Wednesday, August 8, 2007

Saint of the Gutters

In 1910, Agnes Gonxha Bojaxhiu was born in Skopje (now Macedonia), to Albanian parents. Her father was a grocer. At the young age of twelve she developed an interest in overseas missions and realized her calling...aiding and caring for the poorest of the poor.

Inspired by the Jesuit missionaries and their work in Bengal, she left home at eighteen to join a community of Irish nuns in Calcutta, India. There she was given the name Sister Teresa, after Saint Teresa of Lisieux, the patroness of missionaries.

And so began her life's work as the embodiment of comfort and love to India's poorest of the poor, the lepers, and outcasts. She gave dignity to the dying by opening the Nirmal Hriday (or Pure Heart) Home for Dying Destitutes. There, homeless people, uncared for and unacceptable at other institutions, were washed, fed, and allowed to die surrounded by loving faces.

Mother Teresa presided over an order of 4,000 nuns who ran orphanages, AIDS hospices, and other worldwide charities. In 1990, due to failing health, she attempted to resign, but during a secret ballot of her sisters, she was re-elected almost unanimously. The only dissenting vote was her own. She continued to lead until her death in 1997 at the age of eighty-seven.

About poverty she said: "I see God in every human being. When I wash the leper's wounds, I feel I am nursing the Lord himself. Is it not a beautiful experience?"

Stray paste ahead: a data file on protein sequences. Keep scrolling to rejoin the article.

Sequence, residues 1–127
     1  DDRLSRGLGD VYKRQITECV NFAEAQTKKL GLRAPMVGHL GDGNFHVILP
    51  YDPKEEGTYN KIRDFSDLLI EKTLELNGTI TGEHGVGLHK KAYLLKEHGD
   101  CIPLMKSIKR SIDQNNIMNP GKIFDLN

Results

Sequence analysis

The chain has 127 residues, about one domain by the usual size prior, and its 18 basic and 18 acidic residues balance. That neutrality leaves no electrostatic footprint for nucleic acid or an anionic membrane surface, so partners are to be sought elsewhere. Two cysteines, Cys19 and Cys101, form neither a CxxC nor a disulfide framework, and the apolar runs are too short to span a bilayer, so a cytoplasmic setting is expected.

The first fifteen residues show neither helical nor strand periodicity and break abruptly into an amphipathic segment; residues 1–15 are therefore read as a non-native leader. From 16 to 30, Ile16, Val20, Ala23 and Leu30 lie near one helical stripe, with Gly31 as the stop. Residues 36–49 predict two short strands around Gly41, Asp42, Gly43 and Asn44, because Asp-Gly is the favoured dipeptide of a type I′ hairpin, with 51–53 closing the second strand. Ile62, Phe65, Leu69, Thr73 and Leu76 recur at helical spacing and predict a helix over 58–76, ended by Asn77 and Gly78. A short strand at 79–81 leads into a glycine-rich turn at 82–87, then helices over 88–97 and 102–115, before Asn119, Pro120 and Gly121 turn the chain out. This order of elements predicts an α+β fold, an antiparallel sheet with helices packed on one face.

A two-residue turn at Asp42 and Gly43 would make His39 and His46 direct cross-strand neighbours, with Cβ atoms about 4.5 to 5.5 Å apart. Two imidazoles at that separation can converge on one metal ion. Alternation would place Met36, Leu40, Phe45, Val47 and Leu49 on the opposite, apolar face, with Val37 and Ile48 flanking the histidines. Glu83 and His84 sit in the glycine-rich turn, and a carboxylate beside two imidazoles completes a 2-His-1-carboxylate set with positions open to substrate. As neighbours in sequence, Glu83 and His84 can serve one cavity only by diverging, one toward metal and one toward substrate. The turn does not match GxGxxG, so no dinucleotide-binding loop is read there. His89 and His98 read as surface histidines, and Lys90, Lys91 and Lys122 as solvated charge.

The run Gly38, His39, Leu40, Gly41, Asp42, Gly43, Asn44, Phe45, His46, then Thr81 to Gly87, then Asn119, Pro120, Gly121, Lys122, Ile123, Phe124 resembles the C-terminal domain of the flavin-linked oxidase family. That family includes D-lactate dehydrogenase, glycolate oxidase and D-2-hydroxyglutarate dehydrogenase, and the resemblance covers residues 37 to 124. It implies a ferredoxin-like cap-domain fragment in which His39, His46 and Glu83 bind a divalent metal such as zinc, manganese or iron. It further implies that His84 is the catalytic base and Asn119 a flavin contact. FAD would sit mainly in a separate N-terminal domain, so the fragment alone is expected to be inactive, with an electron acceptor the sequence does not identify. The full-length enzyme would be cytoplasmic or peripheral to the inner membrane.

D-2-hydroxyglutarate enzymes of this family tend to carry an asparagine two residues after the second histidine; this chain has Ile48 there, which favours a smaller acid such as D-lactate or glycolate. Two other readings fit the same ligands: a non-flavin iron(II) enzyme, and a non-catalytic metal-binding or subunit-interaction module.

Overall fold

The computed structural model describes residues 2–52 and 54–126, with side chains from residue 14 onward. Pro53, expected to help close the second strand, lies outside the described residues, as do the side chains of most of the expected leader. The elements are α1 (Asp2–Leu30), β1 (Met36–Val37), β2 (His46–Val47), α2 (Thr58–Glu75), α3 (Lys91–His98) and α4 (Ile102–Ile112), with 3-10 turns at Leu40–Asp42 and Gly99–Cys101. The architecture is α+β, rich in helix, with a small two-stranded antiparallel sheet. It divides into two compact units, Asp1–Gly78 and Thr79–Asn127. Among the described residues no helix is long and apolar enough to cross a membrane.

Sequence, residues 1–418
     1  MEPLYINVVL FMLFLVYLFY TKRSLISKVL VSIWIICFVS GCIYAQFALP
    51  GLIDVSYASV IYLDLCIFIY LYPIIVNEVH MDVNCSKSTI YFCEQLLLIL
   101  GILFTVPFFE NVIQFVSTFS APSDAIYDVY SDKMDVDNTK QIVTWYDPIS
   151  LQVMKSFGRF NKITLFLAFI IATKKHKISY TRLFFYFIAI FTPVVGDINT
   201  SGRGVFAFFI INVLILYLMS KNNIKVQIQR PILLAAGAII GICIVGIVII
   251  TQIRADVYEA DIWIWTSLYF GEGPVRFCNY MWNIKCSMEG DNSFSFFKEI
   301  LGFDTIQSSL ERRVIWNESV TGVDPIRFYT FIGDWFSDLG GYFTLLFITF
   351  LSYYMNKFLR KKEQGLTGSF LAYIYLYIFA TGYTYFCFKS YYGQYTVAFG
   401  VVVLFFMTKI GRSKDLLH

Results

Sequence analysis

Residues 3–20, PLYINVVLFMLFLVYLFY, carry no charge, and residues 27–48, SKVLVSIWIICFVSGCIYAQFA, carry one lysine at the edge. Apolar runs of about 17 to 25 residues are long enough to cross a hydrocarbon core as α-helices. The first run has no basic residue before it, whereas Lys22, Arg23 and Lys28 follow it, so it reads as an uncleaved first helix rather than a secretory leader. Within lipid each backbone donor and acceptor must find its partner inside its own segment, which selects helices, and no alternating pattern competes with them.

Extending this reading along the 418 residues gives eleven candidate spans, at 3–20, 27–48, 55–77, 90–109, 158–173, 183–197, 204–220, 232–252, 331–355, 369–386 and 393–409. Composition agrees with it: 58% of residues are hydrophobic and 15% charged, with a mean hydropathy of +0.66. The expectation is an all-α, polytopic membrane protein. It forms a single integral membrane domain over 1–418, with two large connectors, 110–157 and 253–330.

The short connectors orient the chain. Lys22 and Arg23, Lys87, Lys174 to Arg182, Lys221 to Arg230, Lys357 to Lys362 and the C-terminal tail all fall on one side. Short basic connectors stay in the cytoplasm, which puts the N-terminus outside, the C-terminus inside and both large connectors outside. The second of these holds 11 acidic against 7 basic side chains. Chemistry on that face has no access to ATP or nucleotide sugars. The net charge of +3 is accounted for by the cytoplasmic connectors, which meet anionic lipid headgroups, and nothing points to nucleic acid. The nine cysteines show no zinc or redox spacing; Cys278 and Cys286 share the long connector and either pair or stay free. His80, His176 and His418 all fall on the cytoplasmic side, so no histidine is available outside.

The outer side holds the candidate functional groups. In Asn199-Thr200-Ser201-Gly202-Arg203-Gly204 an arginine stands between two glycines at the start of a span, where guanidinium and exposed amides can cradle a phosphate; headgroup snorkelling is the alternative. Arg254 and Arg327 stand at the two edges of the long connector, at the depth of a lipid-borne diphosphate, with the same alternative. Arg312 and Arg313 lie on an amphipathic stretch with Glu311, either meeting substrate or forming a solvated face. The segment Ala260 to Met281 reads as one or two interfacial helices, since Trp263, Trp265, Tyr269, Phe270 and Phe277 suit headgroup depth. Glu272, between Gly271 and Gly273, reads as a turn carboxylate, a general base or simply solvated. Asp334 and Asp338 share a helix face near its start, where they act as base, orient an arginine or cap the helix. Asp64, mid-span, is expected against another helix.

In a letter to U.S. President George Bush and Iraqi President Saddam Hussein, January 1991, she wrote: "Please choose the way of peace. ... In the short term there may be winners and losers in this war that we all dread. But that never can, nor never will justify the suffering, pain and loss of life your weapons will cause."

She vehemently opposed abortion, and is quoted as saying, Abortion "is murder in the womb ... A child is a gift of God. If you do not want him, give him to me." And because of her strong influence in India, is thought to have been the major stumbling block to family planning in that country.

When asked about the plight of the poor, she said, "Being unwanted, unloved, uncared for, forgotten by everybody, I think that is a much greater hunger, a much greater poverty than the person who has nothing to eat."

And most profoundly, she said, "I have found the paradox, that if you love until it hurts, there can be no more hurt, only more love. "

Mother Teresa did not make everyone happy with her strong conservative Catholic beliefs but that didn't matter. She went on about the work she felt she was here to do and look at the impact one woman from Skopje made.

Use Mother Teresa as an example of God's love in this world, an example of peaceful, compassionate strength...a gently, effective way to walk through life. Believe in your dreams and the passion of your heart, work with all you have to make them come true.


NeoAuteur said...

I agree. The impact of Mother Teresa touched people beyond their faith.

Lisa McGlaun said...

After I posted this I read a few more articles. I guess there was some controversy after her death concerning the finances of her charities.

No one is without scandal in today's world, I guess.

La delirante said...

"after Saint Teresa of Lisieux" I have a book about her (it's my husband's actually) Amazing lives!

Lisa McGlaun said...

I agree. She helped countless numbers of people and lived in a way she felt pleased God.